The present study was carried out in order to test the hypothesis that intravenously injected Tc-MDP separates into its technetium and methylene diphosphonate components in the bone, and that the technetium is preferentially taken-up by the newly-formed osteoid, while the methylene diphosphonate is taken up by the forming mineral. Uptake of Tc-MDP was studied in a rat model of primary bone formation following tibial bone marrow ablation. Each of five radiopharmaceuticals (99mTcO4, 99mTc-MDP, Tc- MD32P, 99mTc-MD32P or MD32P) was injected and their uptake was followed in the whole bone as well as in the organic and inorganic phases of the bone. Irrespective of the radionuclides injected, 99mTc was always taken-up preferentially by the organic phase, while the 32P was preferentially taken-up by the inorganic phase. When 99mTcO4 was injected, it was not taken up by the bone at all. These results indicate that the increased incorporation of 99mTc, when administered as 99mTc-MDP during bone healing, reflects an enhancement in the formation of the organic matrix and not of the calcification process. The study also suggests that the 99mTc-MDP dissociates into its technetium and methylene diphosphonate moieties, which are then adsorbed onto the organic and inorganic phases respectively.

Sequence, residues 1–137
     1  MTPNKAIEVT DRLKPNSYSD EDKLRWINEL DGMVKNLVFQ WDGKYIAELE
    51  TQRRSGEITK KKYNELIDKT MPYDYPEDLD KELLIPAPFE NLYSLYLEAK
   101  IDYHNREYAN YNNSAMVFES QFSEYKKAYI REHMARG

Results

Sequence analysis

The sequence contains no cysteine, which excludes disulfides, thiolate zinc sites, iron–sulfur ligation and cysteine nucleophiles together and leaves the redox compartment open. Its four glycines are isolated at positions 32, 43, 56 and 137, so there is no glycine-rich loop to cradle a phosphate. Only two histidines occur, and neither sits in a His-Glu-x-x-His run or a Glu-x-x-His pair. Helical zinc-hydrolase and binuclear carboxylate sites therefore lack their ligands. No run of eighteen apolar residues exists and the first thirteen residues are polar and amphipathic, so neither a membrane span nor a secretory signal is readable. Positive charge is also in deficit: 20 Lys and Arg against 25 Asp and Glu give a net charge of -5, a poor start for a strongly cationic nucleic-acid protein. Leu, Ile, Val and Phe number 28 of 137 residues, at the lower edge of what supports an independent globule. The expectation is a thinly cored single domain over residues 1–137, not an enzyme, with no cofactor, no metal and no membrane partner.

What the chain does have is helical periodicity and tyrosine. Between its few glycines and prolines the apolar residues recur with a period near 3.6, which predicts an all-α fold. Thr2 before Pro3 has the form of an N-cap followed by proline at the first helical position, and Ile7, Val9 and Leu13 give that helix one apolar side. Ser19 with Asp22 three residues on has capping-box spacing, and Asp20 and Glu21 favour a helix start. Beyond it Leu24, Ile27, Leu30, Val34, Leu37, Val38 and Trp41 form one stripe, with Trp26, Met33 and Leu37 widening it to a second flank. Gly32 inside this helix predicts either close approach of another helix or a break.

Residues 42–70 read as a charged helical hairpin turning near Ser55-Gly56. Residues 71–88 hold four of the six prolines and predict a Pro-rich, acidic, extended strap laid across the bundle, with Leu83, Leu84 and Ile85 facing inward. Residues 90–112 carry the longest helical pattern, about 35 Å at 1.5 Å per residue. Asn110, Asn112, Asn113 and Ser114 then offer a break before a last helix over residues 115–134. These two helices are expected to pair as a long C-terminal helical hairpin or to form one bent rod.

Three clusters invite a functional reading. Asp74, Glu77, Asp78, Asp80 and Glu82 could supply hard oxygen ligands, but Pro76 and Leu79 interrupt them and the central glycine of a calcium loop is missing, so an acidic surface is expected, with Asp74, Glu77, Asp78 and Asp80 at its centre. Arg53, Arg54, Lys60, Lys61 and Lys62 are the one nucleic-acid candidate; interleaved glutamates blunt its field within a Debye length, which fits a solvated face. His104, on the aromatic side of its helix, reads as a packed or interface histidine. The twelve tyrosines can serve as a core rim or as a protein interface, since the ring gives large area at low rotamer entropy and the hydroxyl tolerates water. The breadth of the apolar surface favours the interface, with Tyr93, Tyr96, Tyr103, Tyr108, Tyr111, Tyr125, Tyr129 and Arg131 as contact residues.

|Original language||English (US)|
|Number of pages||5|
|Journal||Journal of Nuclear Medicine|
|State||Published - Jan 1 1993|
ASJC Scopus subject areas
- Radiology Nuclear Medicine and imaging